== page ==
We let go the judgments – a feature typical to the societies where ‘to have’ is more important than ‘to be’ and one needs to compare to others, in order to know who he is.
Most Poles came to the UK to make money. Obviously, there are exceptions but I’d like to highlight the mechanism which runs a person’s morale when they’re rewarded for their job, not only by stable fair salary but simply by an appreciation for their work.
Everyone who is at least a little bit involved in the Polish-UK immigration topic has heard that “Polish people are hard workers” and these aren’t empty words. Even after I moved out from the UK and travelled in Thailand, I heard numerous times from the English backpackers that “Polish people are nice and hard-working”. I know this is true because in casual conversation a Brit can open up and tell you what he really thinks. You need to know how to talk to them though and not every Pole is good at this, but it’s worth mastering this skill!
One thing is for sure if you’re appreciated your self-esteem grows. Self-esteem is a thing that most Poles need, the same as a flower needs water to grow. Really. There are no happy people with low self-esteem who are able to live fulfilled life and by so, making this world a better place. Cheers UK!
Some people worry about that the fact that there are many high-skilled workers who emigrate abroad and never come back. This isn’t only a thing in Poland, there are many countries in the world which face this issue, like for example Madagascar where it’s way worse because there truly isn’t much to go back to. The argument such as “We don’t need to compare to ‘these’ countries” is irrelevant because we aren’t talking about what country is better or worse, we are talking about an issue which we share as humans.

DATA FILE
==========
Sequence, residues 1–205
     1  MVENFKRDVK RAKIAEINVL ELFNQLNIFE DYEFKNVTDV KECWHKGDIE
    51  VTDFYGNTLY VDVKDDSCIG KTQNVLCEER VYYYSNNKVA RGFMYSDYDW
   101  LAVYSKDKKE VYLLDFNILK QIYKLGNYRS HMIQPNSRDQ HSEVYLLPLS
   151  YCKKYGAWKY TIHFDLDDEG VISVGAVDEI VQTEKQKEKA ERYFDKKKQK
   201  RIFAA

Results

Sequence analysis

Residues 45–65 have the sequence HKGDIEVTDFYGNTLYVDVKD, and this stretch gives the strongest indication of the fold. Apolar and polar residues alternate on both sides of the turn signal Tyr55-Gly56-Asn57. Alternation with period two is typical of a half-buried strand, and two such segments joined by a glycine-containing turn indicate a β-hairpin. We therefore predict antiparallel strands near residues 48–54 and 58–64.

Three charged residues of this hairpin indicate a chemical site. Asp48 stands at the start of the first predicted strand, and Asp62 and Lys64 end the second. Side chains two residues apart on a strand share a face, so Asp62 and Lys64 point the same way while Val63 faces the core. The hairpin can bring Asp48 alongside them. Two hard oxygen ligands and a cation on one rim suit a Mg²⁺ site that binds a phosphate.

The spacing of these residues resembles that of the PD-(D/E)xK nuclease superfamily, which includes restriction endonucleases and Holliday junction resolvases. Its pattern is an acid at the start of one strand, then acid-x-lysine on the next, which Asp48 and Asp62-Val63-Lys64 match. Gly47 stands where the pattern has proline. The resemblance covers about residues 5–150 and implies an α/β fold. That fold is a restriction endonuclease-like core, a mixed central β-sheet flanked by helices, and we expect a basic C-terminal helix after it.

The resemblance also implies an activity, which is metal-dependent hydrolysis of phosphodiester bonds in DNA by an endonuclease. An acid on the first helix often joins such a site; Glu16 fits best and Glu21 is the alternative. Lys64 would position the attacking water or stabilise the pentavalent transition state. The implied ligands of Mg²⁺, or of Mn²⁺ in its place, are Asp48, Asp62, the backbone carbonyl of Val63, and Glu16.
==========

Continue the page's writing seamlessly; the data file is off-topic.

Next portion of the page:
Personally, I was never too worried about the fact that high-skilled workers leave Poland. Firstly, even they have the right to try out a different life and learn something new, secondly, I am not bothered who leaves, but who comes back and what they bring back. After time spent abroad, whether it’s in the UK or anywhere else, a person doesn’t come back with the same mindset they left with.
An immigrant always gains, they gather experience, which with a dose of reflection can apply back home. In simple words – they can chill out and appreciate who they are and what they have achieved. Even though there will be less highly skilled workers who come back, those who do have a bigger impact on the environment because they have the most priceless thing in the world which no one can take away from them, the experience.
Immigration is a school of life, an army service to which we’ve not obliged anymore, a survival test and building you from scratch. A nostalgy for them and an escape to the unknown.
Immigration sometimes is a must, but primarily is always a choice. Let the people make this choice and support them the best ways we can so that they reach their life goals, in the UK and all over the world.